(Bold-font emphasis in the original; italics mine.)
THE "CEDARS OF LEBANON," mentioned in the Bible and the Epic of Gilgamesh, are not entirely gone and may be making a comeback:
Lebanon's world-renowned forests enchant visitors
Cedars draw tourists from around the globe

The government, the private sector and non-governmental organizations have taken steps to preserve the prized trees
By Linda Dahdah
[Lebanon] Daily Star staff
Wednesday, June 23, 2004

BCHARRE, North Lebanon: Whether on its flag, in its legends, books or simply in its people's hearts, the cedar has always been inscribed in Lebanon's history and image around the world.

Containing the oldest cedar trees in Lebanon, Bcharre's Cedar Forest has been witnessing the passing of time for more than 1,000 years.

Situated in the heart of North Lebanon's mountains, in the qaza of Bcharre, it often disappoints many tourists who expect to behold an endless landscape of cedars spreading out before their eyes.

"I heard so much about this forest, I imagined a huge one that would be so overwhelming. No doubt that it gathers the oldest cedars ever, but it is really a little drop of vegetation in a dry landscape," said Amal Mnassa, who has been living in Australia all her life and for whom a long-time ambition has been to see the protected site.

However, despite its small seven hectares, the forest, called Arz al-Rab - Cedar Forest of the Lord - did not lose its power to enchant. Very much believed to be sacred, it has been and still is today a site of international pilgrimage.


For centuries before the advent of these legends, however, the precious wood was coveted by all from the East to the West of the planet.

Cited in the Epic of Gilgamesh (5,000 BC), the Lebanese cedar, Cedrus Libani, has been the highest valued tree through history, and it has always been a symbol of strength and power.

Used as winter firewood to warm local mountain families, who also used it to build their houses and their horse-drawn carriages, cedar wood was also the standard building material for the boats of the famous ancient seafaring nation known as the Phoenicians.

Even the Pharaohs sent their ships to collect the venerable material that served as pillars in many of the temples of Egypt.

Assyrians, Romans, Babylonians and Turks were among the other consumers of cedar wood.

And the last - but not the least - legend-violating "blasphemy" was that during World War I the wood from these "divine" trees was used for railroad fuel.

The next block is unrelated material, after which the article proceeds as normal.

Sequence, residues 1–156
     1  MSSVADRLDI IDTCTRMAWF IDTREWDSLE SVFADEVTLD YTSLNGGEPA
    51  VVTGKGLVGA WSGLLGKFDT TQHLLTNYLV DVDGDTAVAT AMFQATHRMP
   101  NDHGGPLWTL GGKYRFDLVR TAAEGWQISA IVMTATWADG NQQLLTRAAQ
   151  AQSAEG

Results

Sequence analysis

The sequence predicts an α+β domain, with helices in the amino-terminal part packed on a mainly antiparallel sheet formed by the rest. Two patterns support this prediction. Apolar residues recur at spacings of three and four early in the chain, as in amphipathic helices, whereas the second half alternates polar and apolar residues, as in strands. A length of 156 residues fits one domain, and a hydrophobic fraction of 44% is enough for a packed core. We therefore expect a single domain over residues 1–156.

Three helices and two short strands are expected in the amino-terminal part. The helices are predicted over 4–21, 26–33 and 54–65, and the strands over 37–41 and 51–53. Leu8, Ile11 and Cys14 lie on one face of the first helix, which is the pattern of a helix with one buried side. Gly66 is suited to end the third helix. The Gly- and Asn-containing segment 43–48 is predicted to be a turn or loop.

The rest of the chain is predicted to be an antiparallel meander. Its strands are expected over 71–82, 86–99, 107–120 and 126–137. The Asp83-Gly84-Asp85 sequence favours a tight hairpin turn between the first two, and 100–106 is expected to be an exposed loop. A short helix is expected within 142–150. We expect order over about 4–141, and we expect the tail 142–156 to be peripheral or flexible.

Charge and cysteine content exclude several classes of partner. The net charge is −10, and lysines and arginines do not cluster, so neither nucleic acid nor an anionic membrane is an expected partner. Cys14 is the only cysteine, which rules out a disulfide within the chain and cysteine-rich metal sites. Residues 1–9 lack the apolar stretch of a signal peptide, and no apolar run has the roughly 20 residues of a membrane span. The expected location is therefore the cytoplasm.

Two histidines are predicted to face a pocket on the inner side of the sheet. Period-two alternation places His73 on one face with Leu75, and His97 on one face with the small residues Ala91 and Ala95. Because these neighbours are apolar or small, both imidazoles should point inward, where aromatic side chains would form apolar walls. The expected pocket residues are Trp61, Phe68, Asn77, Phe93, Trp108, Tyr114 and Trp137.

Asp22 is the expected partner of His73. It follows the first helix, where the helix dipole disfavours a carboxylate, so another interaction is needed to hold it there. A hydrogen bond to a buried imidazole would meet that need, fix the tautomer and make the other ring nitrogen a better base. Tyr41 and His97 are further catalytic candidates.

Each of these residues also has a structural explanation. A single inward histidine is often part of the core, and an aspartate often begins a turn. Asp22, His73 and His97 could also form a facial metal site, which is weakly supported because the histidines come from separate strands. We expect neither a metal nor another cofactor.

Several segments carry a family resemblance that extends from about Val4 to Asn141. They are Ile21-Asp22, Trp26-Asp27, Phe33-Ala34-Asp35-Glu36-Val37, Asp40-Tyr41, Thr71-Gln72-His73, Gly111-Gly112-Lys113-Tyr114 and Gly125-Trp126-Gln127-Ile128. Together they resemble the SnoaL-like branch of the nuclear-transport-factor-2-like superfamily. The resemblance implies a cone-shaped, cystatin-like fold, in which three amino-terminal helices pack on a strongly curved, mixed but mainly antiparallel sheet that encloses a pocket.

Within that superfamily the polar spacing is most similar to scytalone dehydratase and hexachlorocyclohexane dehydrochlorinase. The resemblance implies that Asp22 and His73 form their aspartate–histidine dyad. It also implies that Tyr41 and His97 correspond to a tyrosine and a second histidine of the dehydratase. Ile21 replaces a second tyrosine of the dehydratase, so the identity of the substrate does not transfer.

Trying to save as much as they can of this natural splendor, many organizations have been active since the mid-1980s.

The protection and maintenance of the forest has been in the hands of the Friends of the Cedar Forest Committee, created in 1985. Besides curing the trees from various diseases and keeping the forest clean, this organization has created a different path through the forest, thus making it accessible to visitors.

Another internationally active organization, Protection of the Lebanese Cedar, has been fighting to raise awareness of the fragility of cedar trees and the threats facing them.

With varying sources of financial support, many reforesting initiatives are under way and young saplings are slowly re-covering the landscape.

And the trend seems to be continuing. With a plan to plant 10,452 trees (Lebanon's surface in square kilometers) the army, which protects the forest, has already planted around 3,000 saplings. For its part, the Environment Ministry has planted 12,000 saplings in addition to 10,000 that have been planted by the Friends of the Cedar Forest Committee.

The latest initiative came recently from Casino du Liban, in which 1,000 two-year-old saplings were voluntarily planted by the Bcharre Environment Protection Committee.


It's very good news that so much effort is being made to conserve and expand the forest.

It's also disconcerting that the historical review in this article is so careful to avoid any mention of the cedars of Lebanon in the Bible or their use by ancient Israel, especially Solomon in his palace and the temple (see, e.g., 1 Kings 5 and following).

(This post reconstructed after the browser crashed yet again just as I was finishing it. Thank you, new Blogger.)
ARAMAIC SPEAKING Assyrian Christians in Iraq are being subjected to an increasing number of Islamist terrorist attacks and many are leaving the country.
For the Assyrians, liberation has not brought the level of security they had hoped for. Instead, it shifted the politically motivated losses caused by the Saddam Regime to the more dangerous religiously motivated crimes. (AINA report). Of special concern to Assyrians and their community leaders is the nature of these attacks, the overwhelming majority of which have been religiously motivated. Often these attacks are accompanied by notes demanding that the Christian Assyrians follow the rules Islam or face the consequences. This has created an atmosphere of fear in the Assyrian community, not so different, ironically, from the fear they felt under Saddam's regime, though the nature of it is different. Saddam Hussein ruthlessly suppressed any expression of national or ethnic identity, and by and large did not concern himself with religious issues. With the removal of Saddam, Assyrians -- whose population in Iraq out-numbers the national individual populations of Kuwait, Qatar, Cyprus, and UAE -- have finally succeeded in asserting their unique ethnic and cultural identity, and have been active participants in the political process, yet, in an ironic flip-flop, now they find their religious institution under attack by Islamists.